Gender, Environment, and Sustainable Economic Growth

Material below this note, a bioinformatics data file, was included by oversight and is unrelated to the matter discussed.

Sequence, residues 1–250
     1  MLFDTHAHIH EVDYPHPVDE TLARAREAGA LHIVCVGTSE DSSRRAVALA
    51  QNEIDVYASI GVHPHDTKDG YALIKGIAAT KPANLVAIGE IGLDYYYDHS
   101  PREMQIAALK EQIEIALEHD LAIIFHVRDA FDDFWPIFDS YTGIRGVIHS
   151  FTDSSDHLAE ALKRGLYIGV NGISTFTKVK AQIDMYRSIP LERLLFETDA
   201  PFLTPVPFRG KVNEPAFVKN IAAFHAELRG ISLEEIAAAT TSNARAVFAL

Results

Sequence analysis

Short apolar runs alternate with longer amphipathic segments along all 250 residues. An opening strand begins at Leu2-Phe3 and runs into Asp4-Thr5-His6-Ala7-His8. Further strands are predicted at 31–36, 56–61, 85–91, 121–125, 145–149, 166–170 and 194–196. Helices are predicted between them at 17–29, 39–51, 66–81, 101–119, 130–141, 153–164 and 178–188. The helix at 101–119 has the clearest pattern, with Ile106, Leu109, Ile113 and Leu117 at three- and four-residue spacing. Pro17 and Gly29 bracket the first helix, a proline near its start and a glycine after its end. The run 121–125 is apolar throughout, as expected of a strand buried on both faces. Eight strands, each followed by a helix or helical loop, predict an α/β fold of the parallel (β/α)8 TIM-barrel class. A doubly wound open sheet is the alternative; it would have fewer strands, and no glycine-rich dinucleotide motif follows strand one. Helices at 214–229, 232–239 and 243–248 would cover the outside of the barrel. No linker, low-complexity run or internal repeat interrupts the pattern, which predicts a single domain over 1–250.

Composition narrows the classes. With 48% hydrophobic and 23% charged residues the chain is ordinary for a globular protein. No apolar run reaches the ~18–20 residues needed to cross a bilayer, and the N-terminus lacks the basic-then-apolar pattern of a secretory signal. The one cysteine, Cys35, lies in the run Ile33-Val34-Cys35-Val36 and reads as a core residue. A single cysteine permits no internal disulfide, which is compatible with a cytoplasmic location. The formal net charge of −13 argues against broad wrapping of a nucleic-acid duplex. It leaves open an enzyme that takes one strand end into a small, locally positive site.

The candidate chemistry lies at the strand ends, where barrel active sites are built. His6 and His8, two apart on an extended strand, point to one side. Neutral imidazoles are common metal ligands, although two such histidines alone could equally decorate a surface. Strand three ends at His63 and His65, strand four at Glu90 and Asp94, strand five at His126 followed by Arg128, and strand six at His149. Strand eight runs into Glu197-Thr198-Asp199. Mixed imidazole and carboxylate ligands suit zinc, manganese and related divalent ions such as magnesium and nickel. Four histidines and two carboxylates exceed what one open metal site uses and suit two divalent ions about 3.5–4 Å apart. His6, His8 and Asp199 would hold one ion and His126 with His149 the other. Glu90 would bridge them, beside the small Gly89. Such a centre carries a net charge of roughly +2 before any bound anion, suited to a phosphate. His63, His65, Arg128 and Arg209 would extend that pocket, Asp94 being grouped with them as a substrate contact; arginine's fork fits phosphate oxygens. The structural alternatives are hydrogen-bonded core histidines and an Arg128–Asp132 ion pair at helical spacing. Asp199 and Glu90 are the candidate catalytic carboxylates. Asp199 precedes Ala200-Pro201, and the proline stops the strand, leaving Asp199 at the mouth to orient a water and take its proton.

Both human and natural environment are interlinked with each other dynamically and keep this relation stable within themselves and with each other. The existence of all living organism including human being depends on the interlinkages between the physical human environment and natural environment. Natural resources and physical environment form a basis for sustainable livelihood system, in which human needs are met in the short and long run [Dankelman (2001)]. Although economic growth is an explicit goal in nearly every nation, but a wide range of independent scientific research provides undeniable evidence that the growth of the global economy is not sustainable because it consumes many of the environmental services that strengthen the production of goods and services [e.g., Houghton, et al. (1996); Vitousek, et al. (1997)]. Environmental services refer to the various ways that the environment influences production- and indeed-supports most part of human existence [Costanza and Daly (1992)]. There is a growing understanding that the degradation of environment and growth of waste materials can reduce the productivity of natural resources, as when ozone accumulates in the troposphere and lowers crop yields. This increases the quantity of human capital required to produce a specified quantity of food. The addition of wastes also slows the rate at which natural capital can process the waste material, as when sewage reduces the ability of aquatic ecosystems to process organic materials [Ayres (1996)]. There is also an increasing understanding that “economic growth does not necessarily go hand-in-hand with growth in the well-being of people”. It reflects the rising discrepancy between rich and poor and between genders in most countries [Ayres (1996)].